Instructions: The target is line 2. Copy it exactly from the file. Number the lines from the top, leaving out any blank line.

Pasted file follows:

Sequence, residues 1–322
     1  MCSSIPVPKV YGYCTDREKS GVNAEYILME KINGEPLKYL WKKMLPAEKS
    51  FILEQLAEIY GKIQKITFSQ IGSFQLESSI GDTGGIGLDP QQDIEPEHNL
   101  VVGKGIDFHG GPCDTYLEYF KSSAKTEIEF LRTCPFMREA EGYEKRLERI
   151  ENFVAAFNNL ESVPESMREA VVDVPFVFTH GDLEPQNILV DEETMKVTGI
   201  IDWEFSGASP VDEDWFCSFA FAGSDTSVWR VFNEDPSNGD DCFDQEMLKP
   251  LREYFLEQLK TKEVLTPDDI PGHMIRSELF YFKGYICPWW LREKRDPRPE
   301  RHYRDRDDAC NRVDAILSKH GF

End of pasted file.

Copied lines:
     1  MCSSIPVPKV YGYCTDREKS GVNAEYILME KINGEPLKYL WKKMLPAEKS